IMAGE: DRAWING OF DRITAN DUKA
Andrea Shepard  /  AP
Dritan Duka, second from left, is seen in an artist's drawing during a court appearance in Camden, N.J., on Tuesday. Duka is one of three brothers held in the alleged plot to attack soldiers at Fort Dix Army base.
updated 5/9/2007 7:22:30 PM ET 2007-05-09T23:22:30

Three Muslim brothers who allegedly helped plot to kill soldiers at a U.S. Army base have roots in one of Europe's most pro-American corners — a region that remains grateful to the United States for ending the Kosovo war.

Dritan Duka, 28, Shain Duka, 26, and Eljvir Duka, 23, who were arrested in New Jersey this week in what U.S. authorities said was a bungled scheme to blow up and gun down soldiers at Fort Dix, were born in Debar, a remote town on Macedonia's rugged border with Serbia's Kosovo province.

Relatives in the ethnic Albanian-populated town of 15,000 said they had not seen the brothers in more than two decades, but expressed disbelief Wednesday that the three would attack the United States.

"We all have been supporters of America. We were always thankful to America for its support during the wars in Kosovo and Macedonia," a cousin, Elez Duka, 29, told The Associated Press.

"These are simple, ordinary people and they've got nothing to do with terrorism. I expect their release and I expect an apology," he said, waving his hands. "I see injustice. These are ridiculous charges."

His indignation captured the mood among Slavic Muslims in Kosovo, Macedonia and Albania — places that have repeatedly expressed gratitude to the United States for intervening in the 1998-99 Kosovo war and a 2001 ethnic conflict that pushed Macedonia to the brink of civil war.

Albania was among the first countries to answer Washington's call for troops to help support U.S.-led military offensives in Iraq and Afghanistan.

Bill Clinton Boulevard
In Pristina, the capital of Kosovo, which many expect to gain independence from Serbia later this year, U.S. flags are commonplace. The main avenue is Bill Clinton Boulevard, renamed to honor the president who ordered airstrikes that halted former Serbian leader Slobodan Milosevic's brutal crackdown in the province.

Like many Europeans, ethnic Albanians staged a big demonstration after the U.S. led the invasion of Iraq in 2003, but theirs was a pro-America rally, not an anti-war protest.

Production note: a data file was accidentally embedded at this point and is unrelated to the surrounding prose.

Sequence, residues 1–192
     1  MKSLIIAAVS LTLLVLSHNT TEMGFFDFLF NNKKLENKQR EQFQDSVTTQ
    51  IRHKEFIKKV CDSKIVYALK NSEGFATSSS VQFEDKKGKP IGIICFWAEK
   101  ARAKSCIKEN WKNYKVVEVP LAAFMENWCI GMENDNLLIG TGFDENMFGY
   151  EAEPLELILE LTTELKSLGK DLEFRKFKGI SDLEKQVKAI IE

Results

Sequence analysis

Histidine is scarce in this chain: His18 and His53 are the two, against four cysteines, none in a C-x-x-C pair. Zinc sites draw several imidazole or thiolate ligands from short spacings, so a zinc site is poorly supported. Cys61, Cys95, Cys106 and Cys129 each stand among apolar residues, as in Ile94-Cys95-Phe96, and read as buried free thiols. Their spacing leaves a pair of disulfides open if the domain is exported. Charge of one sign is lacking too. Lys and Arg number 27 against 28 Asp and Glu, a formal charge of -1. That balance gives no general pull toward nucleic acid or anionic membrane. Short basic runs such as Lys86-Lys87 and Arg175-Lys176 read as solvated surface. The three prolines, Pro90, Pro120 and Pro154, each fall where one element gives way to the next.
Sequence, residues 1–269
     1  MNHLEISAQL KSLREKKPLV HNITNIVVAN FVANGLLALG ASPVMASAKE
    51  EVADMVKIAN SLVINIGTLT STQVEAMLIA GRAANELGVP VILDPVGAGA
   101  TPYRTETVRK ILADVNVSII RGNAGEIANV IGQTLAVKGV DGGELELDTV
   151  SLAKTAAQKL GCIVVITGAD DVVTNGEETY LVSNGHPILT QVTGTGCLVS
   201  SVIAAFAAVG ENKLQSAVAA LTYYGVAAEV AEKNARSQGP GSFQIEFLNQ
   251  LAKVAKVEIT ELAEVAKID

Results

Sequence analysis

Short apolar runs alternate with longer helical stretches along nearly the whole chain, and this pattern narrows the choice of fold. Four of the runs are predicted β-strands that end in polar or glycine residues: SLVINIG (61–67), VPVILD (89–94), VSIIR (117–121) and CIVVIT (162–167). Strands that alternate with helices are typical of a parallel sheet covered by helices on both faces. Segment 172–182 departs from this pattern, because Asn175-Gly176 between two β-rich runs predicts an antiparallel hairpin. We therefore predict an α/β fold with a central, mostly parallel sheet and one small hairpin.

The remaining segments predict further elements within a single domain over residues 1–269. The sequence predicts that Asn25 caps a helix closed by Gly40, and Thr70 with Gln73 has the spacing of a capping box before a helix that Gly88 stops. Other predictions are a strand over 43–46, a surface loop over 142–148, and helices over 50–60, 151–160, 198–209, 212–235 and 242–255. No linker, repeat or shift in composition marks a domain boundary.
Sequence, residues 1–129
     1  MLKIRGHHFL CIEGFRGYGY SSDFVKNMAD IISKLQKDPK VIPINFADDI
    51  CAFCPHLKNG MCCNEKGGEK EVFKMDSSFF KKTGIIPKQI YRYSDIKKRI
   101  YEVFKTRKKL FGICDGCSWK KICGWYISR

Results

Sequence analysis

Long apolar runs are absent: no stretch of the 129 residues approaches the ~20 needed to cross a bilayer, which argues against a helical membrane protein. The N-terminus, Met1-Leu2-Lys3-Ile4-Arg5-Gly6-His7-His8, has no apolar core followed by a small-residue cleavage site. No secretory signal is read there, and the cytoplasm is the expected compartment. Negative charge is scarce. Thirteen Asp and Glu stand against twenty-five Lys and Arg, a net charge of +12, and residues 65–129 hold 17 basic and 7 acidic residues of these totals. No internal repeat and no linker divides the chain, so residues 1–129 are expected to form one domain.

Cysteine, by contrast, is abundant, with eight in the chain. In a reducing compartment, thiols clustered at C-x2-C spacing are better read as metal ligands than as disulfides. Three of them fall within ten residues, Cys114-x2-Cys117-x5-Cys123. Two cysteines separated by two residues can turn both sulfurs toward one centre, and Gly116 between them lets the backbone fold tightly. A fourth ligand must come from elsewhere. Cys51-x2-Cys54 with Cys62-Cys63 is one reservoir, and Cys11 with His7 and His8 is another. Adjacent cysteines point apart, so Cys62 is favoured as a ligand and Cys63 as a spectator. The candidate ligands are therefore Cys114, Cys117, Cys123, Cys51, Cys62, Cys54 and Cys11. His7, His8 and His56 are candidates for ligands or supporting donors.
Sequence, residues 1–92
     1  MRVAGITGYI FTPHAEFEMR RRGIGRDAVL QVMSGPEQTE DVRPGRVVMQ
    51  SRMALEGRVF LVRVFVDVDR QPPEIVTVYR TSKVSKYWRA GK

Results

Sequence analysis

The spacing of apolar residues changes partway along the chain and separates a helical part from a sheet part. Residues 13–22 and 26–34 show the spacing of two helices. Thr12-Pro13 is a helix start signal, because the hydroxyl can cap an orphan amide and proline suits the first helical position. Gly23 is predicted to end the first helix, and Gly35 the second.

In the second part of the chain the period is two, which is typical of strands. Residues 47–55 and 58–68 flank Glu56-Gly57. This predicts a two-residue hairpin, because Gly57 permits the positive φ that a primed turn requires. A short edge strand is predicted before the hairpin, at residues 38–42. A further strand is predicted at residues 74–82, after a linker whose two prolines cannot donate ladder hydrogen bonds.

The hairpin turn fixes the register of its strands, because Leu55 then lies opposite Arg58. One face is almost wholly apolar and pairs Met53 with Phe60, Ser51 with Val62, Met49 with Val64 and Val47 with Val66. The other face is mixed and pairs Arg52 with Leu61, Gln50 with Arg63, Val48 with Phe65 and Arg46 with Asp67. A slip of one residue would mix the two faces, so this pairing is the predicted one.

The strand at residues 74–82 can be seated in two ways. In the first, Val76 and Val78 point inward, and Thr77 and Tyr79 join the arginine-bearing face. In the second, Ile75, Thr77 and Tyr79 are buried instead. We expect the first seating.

In and out of Debar, people struggled to reconcile those feelings with the indictment of the three brothers and a fourth ethnic Albanian suspect, Agron Abdullahu, 24. Two other men also were arrested: Mohamad Ibrahim Shnewer, 22, a Palestinian born in Jordan, and Serdar Tatar, 23, born in Turkey.

It was unclear whether Abdullahu also came from Debar, but U.S. authorities said he served as a sniper during the Kosovo war, which pitted ethnic Albanian separatists against Serbian troops loyal to Milosevic.

U.S. authorities have not given details of the alleged plot, or said if a date had been set for an attack. They said only that the accused were training and buying weapons.

Kosovo Prime Minister Agim Ceku wrote a letter to the U.S. mission in Pristina on Wednesday expressing the "extraordinary feeling that Kosovo's people have for the U.S." Ceku also denounced what he called "the disgusting idea" that Albanians could be involved in an attack "against a nation that has been very generous so far."

The Duka brothers' grandmother, Naze Duka, was visibly upset as word of their arrests spread through the modest two-story brick houses in Debar, about 110 miles southwest of the Macedonian capital, Skopje.

"America is good — you work, you earn money there," the 88-year-old said. "I have no idea where this all came from. How did this happen?"

Family went to U.S. in 1980s
Elez Duka, the brothers' cousin, said their father took the family to the U.S. via Italy in 1986 or 1987.

American officials say the brothers were in the U.S. illegally. The cousin said they had not been back because they didn't have the necessary papers for returning to the U.S.

He said the brothers occasionally phoned. Over the past two years, Elez Duka said, his cousins told him they had grown long beards and had become more devoted to Islam, but he insisted they were incapable of involvement in a terrorist plot.

"They live in America and grew up in the American culture. How can you say they are anti-American? These accusations are totally unfounded," he said.

Few ethnic Albanians embrace militant Islam. Most are moderate or secular.

Even those in Debar who described themselves as devout Muslims denounced the Fort Dix plot.

"They must have been crazy. They shouldn't dare throw a stone at America," said Rrahmi Duka, 70, a distant relative of the brothers, selling beads and Muslim books in Debar's main square as a loudspeaker blared prayers.

"Who saved us? America," he said. "We are in America's hands."

Copyright 2007 The Associated Press. All rights reserved. This material may not be published, broadcast, rewritten or redistributed.

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